Wendel on the Web is WKYC reporter/producer Kim Wendel's "take" and commentary on the news of the day

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I'm all for progress and tried-and-true methods, but I think one Utah politician needs to think a bit more about one of his suggestions again.

In an Associated Press story making the rounds since Friday, Rep. Paul Ray plans to introduce legislation in January to reinstate firing squads as a form of execution, something that Utah did as recently as 2010 (although the state stopped the option in 2004, citing excessive media attention it gave inmates, except for an inmate that had already chosen the option).

He cites a botched lethal injection in Oklahoma last month as his reason. In April, Oklahoma inmate Clayton Lockett's vein collapsed during a lethal injection and he died of a heart attack more than 40 minutes later.

The U.S. Supreme Court upheld the use of the firing squad in 1879, but as tastes have changed in the country since then, it's possible a modern court could rule the practice violates an inmate's protection from cruel and unusual punishment.

Beyond the legal challenges, it could also bring back the kind of "voyeuristic attention" the state wanted to avoid in the first place.

But wouldn't hangings bring more media attention? The electric chair?

And why should Ohioans even care? Last month, Ohio decided to boost the dosages of its lethal injection drugs even as it stands by the January execution of an inmate who made unusual snorting and gasping sounds that led to a civil rights lawsuit by his family and calls for a moratorium.

The state's new policy considerably increases the amount of the sedative used in its two-drug combination and raises the amount of the painkiller, which are injected simultaneously, according to a court filing. The state said it was making the changes "to allay any remaining concerns" after the last execution.

The Ohio Department of Rehabilitation and Correction said its review of the Jan. 16 execution of Dennis McGuire determined he was asleep and unconscious a few minutes after the drugs were administered and his execution was conducted in a constitutional manner.

The department said it "finds no harm in increasing the dosage levels of its drugs," after consulting with its medical expert and examining other states' practices, spokeswoman JoEllen Smith said.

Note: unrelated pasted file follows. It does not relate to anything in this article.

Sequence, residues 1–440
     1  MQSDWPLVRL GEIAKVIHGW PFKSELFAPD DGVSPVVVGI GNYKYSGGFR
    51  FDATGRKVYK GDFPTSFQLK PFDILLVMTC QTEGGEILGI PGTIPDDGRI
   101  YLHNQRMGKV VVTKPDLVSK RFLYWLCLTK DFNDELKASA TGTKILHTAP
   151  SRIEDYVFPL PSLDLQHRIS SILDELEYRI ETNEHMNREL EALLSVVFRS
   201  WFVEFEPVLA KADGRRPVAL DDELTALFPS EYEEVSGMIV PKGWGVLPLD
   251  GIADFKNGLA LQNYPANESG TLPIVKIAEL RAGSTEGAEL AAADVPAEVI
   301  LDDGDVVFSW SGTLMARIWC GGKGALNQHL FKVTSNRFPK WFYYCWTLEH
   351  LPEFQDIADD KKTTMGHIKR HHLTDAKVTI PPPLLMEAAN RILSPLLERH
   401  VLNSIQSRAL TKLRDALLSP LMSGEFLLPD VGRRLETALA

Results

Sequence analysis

McGuire's fitful 26-minute execution was the longest since Ohio resumed putting inmates to death in 1999.

Ray says a firing squad may "seem more palatable now," especially as states struggle to maneuver lawsuits and drug shortages that have complicated lethal injections. Palatable?

Opponents of the proposal say firing squads are not necessarily a fool-proof answer. It's possible an inmate could move or shooters could miss, causing the inmate a slow and painful death, said Richard Dieter, executive director of the Washington, D.C.,-based Death Penalty Information Center, which opposes capital punishment, according to USA Today.

And apparently a majority of Americans would support returning to older, more gruesome methods of execution if lethal injection stops being a viable method, according an exclusive NBC News poll.

In that poll, only one in three voters surveyed believe that the death penalty should be stopped altogether if lethal injections can no longer be carried out, the survey found. Of the two thirds that support alternatives to lethal injection, many support methods that were retired after they were deemed too cruel by many states.

And 20 percent of respondents said they would support returning to the gas chamber, 18 percent would back using the electric chair, 12 percent support death by firing squad, and 8 percent said they were for hanging.

Support for the death penalty has fallen in recent years, but a majority of Americans still believe it is an appropriate punishment. The NBC poll found that 59 percent of people support the death penalty for murder, an increase from the 55 percent support shown by a 2013 Pew Research poll.

First of all, you have to ask yourself if you support capital punishment. If you do, how does this suggestion sit with you? I mean, what if an inmate moves or the shooters miss his or her heart? We're smart people and I'm sure we can come up with a better alternative.

And I took a look at Ray's history.

He was born in Peru......Peru, Indiana. He graduated in 1985 from Peru High School, and attended Indiana University Medicine courses at Indiana University from 1985 to 1988. He was a police officer 1987-1988, a bank branch manager 1988-1995 and has worked as loan officer at a credit union since 1995.

He's entitled to his opinion but I hope others more qualified weigh in loud and clear.

Follow me on Twitter @KimWendel

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